President Donald Trump spoke at a gala dinner hosted by the Israel Heritage Foundation (IHF) Monday night and demonstrated why a vote for Trump is a vote for Israel.
On July 10th, the IHF honored the 45th president of the United States at the Trump National Golf Club Bedminster in Bedminster, NJ and bestowed the Keter Yerushalayim Award upon him. The IHF, whose Honorary President is Jerry Wartski, was attended by about 150 people. It was organized by IHF Executive Vice President Dr. Joseph Frager, who has been a fearless and dedicated warrior for the Jewish State of Israel for almost 50 years, and Executive Director Rabbi David Katz, a distinguished communal activist in the Jewish community.
In his remarks, Dr. Frager underscored the mission of the IHF as advocating for Israel and those who support Israel. He stressed that the Israel Heritage Foundation strives to keep the memory of the six million Jews murdered in the Holocaust alive, fights Anti-Semitism, advocates for Israel, especially Judea and Samaria, and seeks Sovereignty in Area C.
As candidates for the upcoming 2024 presidential elections line up, Rabbi Katz stressed the non-political nature of the IHF. “As a 501-3C organization, which does not endorse candidates, the IHF honors President Trump with a sense of gratitude and recognizes what he has done for Israel and the Jewish people. This is a kiddush Hashem from beginning to end. I have tremendous hakaras hatov for President Trump.”
Rabbi Katz’s comments centered on the IHF’s goal for Jews on both sides of the ocean. “As Jews in America, we can worship in freedom and want Jews in Israel to do the same without fear of terrorism.”
President Trump asked Rabbi Katz for an impromptu prayer before beginning his speech. Rabbi Katz blessed the president and his family, thanking President Trump for being someone who “doesn’t care only for himself but for the entire world and especially for the people of Israel and the Jews of America.”
Among the guests at the private charity event were Nassau County Executive Bruce Blakeman, Dr. Paul Alexander, Congressman Tim Burchett (R-TN), Congressman Josh Brecheen (R-OK), ZOA President Morton Klein, IHF Executive President Dr. Stephen Soloway, IHF Chairman Farley Weiss, IHF Vice President Stanley Sved, and IHF Executive Chairman Sam Nahmias.
Dr. Louis Tropper, noted philanthropist from Florida who introduced President Trump, underscored the president’s resiliency. “I don’t think that anyone could withstand the coordinated efforts that are going on between mainstream media, the U.S. government, elected officials, foreign countries, lawyers, and some of the judiciary attacking one man. I don’t think that person could last a week. But here we are, eight years into this mess, and the president isn’t still here but he’s leading in the polls.”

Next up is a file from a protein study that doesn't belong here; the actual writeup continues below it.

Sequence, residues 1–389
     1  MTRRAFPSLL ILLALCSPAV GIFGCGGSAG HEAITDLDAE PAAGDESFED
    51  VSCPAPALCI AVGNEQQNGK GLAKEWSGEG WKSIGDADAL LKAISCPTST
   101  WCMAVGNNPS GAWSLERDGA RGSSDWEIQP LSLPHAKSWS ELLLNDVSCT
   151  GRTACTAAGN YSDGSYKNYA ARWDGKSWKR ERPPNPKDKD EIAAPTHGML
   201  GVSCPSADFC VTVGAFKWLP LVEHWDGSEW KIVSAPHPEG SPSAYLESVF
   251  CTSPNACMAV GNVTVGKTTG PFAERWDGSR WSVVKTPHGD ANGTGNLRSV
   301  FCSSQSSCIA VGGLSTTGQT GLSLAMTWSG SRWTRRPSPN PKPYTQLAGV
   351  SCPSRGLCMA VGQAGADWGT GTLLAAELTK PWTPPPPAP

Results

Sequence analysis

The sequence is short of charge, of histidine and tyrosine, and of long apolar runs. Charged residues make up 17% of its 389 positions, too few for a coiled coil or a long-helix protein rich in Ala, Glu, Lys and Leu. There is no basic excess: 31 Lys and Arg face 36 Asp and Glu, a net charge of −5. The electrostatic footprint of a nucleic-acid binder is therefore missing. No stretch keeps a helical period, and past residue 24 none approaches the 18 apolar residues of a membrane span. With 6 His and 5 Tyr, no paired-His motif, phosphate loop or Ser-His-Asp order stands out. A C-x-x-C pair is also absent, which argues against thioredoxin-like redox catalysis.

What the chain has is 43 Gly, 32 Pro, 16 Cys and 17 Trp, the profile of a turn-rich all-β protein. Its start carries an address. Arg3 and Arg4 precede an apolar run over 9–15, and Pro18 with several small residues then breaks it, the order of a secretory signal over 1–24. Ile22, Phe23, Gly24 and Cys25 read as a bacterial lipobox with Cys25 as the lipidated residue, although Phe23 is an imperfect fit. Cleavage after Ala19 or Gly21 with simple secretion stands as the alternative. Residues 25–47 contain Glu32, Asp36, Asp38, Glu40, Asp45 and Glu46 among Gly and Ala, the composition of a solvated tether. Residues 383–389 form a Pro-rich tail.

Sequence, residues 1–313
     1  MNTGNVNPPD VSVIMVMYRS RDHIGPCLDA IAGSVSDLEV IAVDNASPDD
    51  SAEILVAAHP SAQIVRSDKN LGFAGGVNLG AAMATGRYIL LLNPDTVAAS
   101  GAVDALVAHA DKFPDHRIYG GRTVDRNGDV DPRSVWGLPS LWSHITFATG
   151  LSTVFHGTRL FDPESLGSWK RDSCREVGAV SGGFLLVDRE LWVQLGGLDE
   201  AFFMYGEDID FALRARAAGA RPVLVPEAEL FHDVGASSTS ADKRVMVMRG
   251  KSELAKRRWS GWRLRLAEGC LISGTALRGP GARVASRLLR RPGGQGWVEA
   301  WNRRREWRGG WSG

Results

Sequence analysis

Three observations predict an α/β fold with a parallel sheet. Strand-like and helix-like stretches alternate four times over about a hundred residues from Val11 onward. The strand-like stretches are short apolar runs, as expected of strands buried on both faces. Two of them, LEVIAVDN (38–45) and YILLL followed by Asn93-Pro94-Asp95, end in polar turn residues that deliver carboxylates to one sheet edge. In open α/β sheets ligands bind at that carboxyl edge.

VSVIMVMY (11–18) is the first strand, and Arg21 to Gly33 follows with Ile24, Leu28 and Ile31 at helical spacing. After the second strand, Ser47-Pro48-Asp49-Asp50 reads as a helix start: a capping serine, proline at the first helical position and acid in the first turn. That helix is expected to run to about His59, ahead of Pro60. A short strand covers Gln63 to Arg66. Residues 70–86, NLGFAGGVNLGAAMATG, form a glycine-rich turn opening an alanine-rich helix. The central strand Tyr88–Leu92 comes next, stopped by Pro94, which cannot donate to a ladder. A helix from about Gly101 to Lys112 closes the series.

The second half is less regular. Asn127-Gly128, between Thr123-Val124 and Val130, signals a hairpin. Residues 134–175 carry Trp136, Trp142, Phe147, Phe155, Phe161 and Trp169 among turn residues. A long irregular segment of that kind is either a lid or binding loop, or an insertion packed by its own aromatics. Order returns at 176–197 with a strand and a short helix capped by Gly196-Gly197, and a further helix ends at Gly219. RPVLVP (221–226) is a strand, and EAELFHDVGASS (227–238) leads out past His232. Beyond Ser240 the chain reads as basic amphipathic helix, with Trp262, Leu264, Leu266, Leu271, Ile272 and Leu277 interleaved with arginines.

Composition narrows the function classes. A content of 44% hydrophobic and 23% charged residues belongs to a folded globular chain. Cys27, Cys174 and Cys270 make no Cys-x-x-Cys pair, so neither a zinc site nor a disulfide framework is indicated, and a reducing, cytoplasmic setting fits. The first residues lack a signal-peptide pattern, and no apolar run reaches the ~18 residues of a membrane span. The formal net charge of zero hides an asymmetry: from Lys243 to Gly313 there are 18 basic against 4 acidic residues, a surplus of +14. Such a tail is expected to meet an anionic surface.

It was clear from the president’s entertaining and confident manner that he felt at home. He abandoned his prepared remarks for an unscripted, engaging address to an enthusiastic crowd. To standing ovations, he renumerated his accomplishments for Israel and maintained that he was “proud to be the best friend and, as they say, the best president that Israel has ever had.”
The president peppered the recounting of his Middle East achievements with personal anecdotes, from recognizing Jerusalem as the “eternal capitol of Israel” and moving the embassy to Jerusalem, recognizing the Golan Heights as part of the State of Israel, withdrawing from the Iran Deal, initiating the Abraham Accords, withdrawing from the Uniting Nations Human Rights Council, decimating ISIS, and taking out terrorist leaders Abu al-Baghdadi and Qasem Soleimani.
Praise for his administration’s thwarting of Iran was shaded by a lament for the Biden administration’s bungling approach towards the terrorist state. “Most important I terminated the Iran Nuclear Deal. When I got out, they [Biden administration] allowed China to start buying oil. China is buying hundreds of thousands of barrels a day and spending money, and Iran has become very rich. Now they’re on their way to making a nuclear weapon, and nobody does anything about it.”
A recurrent theme of the president’s speech was his warnings against the increasingly hostile rejection of Israel by Congressional Democrats. “I grew up in a world where everything evolved politically around Israel. One bad word and you were virtually out of politics. Today, one good word and you are out of politics.”
Trump warned that, “Israel is under siege politically. Today there is a revolution against Israel within Congress. The Senate is not what it used to be but at least it’s still there. But in Congress, between AOC plus three and these other lunatics, they hate Israel with a passion. They’ve convinced a lot of people that Israel is a bad place with bad people. Something has to be done. If this would have been ten years ago, they would have been sanctioned. Even some Jewish congressmen. Schumer is not good for Israel.”
While he is currently leading in the primary polls, President Trump questioned why he only garnered around 27% of the Jewish vote in 2020. “Under our leadership the alliance between U.S. and Israel had never been stronger…I should have been at 100%.”
He concluded his remarks by thanking his loyal supporters among Orthodox and Chassidic Jews and offering words of advice and caution. “You’re my friends. What’s so important is that you have to be more proactive in Congress because you’re just not getting support. People that used to support you they go and hide, and people who weren’t supporting you much have become your enemy. The Orthodox and Chassidic community supported me almost 100% of the vote. They love our country but they love Israel. I want to thank you. Be very vigilant because there are a lot of people who are looking at bad things for Israel.”